NU Online News Service, March 20, 9:45 a.m. EST
Update, 3/21, 10:25 a.m.: The amendment was advanced to the House floor, but expressly excludes P&C. See today's story.
A House panel will consider today whether to clear for House-floor action later this week three amendments to healthcare legislation that would remove the McCarran-Ferguson Act antitrust exemption for health and medical-malpractice insurance.
A concerned industry has scheduled a conference call to discuss the proposed amendments, the second industry-wide issue dealing with the issue within a week.
Industry officials were not available to comment last night.
The House Rules Committee will consider the three amendments at a meeting scheduled for 3 p.m. today. A total of 20 amendments have been proposed.
The Rules panel is the gatekeeper for House-floor action, setting the rules for debate as well as determining which amendments to clear for floor action.
The legislation in question is H.R. 5, the “Help Efficient, Accessible, Low-cost, Timely Healthcare (HEALTH) Act.”
House-floor debate is scheduled for Thursday.
Efforts to add amendments ending the anti-trust exemption accorded to health-insurance providers under McCarran-Ferguson have raised concerns within the insurance industry.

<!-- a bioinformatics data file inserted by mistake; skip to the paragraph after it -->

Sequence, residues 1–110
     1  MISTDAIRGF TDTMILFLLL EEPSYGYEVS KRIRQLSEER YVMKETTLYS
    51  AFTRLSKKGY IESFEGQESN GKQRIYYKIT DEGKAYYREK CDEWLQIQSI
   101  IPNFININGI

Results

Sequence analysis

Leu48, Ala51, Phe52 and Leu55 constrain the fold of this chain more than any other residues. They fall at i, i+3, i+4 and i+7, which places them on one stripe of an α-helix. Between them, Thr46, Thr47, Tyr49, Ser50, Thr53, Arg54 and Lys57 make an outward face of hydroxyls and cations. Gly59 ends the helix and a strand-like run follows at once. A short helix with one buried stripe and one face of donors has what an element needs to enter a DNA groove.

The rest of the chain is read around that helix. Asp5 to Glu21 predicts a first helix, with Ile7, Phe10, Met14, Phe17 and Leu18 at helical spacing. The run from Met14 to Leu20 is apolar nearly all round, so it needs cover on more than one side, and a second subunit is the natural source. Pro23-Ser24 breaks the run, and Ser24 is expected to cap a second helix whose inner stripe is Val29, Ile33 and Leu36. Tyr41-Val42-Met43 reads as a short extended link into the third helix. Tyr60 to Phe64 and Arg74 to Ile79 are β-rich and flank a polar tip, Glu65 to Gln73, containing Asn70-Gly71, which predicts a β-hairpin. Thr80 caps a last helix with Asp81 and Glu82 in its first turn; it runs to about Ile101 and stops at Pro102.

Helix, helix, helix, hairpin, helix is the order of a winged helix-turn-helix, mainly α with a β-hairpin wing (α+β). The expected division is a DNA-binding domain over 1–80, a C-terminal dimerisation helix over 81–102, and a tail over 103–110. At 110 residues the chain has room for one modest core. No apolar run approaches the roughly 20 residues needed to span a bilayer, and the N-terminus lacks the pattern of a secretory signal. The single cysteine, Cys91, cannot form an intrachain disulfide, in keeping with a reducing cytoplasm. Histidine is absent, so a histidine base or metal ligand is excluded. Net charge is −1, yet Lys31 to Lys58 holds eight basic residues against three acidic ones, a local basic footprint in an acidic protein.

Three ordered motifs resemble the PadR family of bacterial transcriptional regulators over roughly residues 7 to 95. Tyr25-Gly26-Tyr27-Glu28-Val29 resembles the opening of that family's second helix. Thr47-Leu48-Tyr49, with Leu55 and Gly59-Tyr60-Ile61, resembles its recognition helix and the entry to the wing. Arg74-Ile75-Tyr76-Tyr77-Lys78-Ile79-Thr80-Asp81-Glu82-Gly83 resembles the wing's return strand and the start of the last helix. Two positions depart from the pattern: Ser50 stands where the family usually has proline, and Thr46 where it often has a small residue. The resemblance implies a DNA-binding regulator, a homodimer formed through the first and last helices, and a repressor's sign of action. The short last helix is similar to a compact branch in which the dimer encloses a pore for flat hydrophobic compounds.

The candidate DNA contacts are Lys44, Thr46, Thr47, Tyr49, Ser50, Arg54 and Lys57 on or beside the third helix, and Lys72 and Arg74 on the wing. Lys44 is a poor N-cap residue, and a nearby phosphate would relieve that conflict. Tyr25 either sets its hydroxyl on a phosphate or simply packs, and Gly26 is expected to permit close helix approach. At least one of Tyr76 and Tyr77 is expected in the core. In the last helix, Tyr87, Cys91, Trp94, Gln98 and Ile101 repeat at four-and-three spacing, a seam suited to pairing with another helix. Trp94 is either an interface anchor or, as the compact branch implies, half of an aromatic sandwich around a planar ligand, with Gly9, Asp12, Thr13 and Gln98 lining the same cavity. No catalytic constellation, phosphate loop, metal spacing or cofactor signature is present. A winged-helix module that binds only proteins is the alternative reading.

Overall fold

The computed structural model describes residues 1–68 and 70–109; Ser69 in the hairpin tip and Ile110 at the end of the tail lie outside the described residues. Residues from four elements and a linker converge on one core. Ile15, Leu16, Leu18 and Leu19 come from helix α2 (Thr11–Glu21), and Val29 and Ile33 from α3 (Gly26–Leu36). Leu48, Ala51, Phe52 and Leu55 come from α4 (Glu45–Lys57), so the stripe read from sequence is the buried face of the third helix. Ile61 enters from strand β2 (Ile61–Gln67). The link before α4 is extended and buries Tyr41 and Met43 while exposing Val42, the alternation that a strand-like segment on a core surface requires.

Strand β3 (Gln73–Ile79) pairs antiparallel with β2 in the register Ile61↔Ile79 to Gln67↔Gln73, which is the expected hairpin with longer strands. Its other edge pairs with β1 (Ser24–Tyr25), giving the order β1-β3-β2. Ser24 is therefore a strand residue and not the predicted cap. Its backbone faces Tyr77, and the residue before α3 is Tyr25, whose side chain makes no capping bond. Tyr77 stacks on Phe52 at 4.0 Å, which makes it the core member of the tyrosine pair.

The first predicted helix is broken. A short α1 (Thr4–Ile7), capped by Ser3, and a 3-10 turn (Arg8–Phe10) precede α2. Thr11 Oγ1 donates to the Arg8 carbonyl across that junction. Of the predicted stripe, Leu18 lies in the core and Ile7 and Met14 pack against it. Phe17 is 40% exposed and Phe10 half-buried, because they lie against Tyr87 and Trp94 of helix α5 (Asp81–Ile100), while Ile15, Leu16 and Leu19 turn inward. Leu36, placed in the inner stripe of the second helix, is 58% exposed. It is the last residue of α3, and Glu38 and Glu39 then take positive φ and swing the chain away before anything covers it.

The industry was anticipating that Rep. Paul Gosar, R-Ariz., would introduce an amendment repealing McCarran-Ferguson, but were unclear whether the repeal would apply to both medical-liability insurance and health insurance.
Gosar did introduce his amendment Monday, but it covered only the “business of health insurance.”
However, Rep. John Conyers, D-Mich., Maxine Waters, D-Calif., and Peter DeFazio, D-Ore., also introduced amendments dealing with McCarran-Ferguson.
A Conyers-Waters amendment would end the antitrust exemption for medical-malpractice insurance, as well as provide the Federal Trade Commission authority to extend its powers to prevent “unfair methods of competition.”
The DeFazio amendment applies only to health insurance, but it would extend the power of the federal government to address “unfair methods of competition.”
The purpose of the larger bill to which the amendment is attached is to repeal a provision of the healthcare-reform law that creates the Independent Payment Advisory Board, which is a 15-member board designed to find ways to reduce growth in Medicare spending.
According to analysts at Washington Analysis, “At one point, there were almost 20 Democratic co-sponsors.”
But efforts to pay for the bill by imposing new limits on medical malpractice lawsuits have “eroded much of that support,” the analysts say.
In any case, the analysts say, “the opposition of Senate Democrats and President Obama ensures that it would not be signed into law regardless of the level of support in the House.”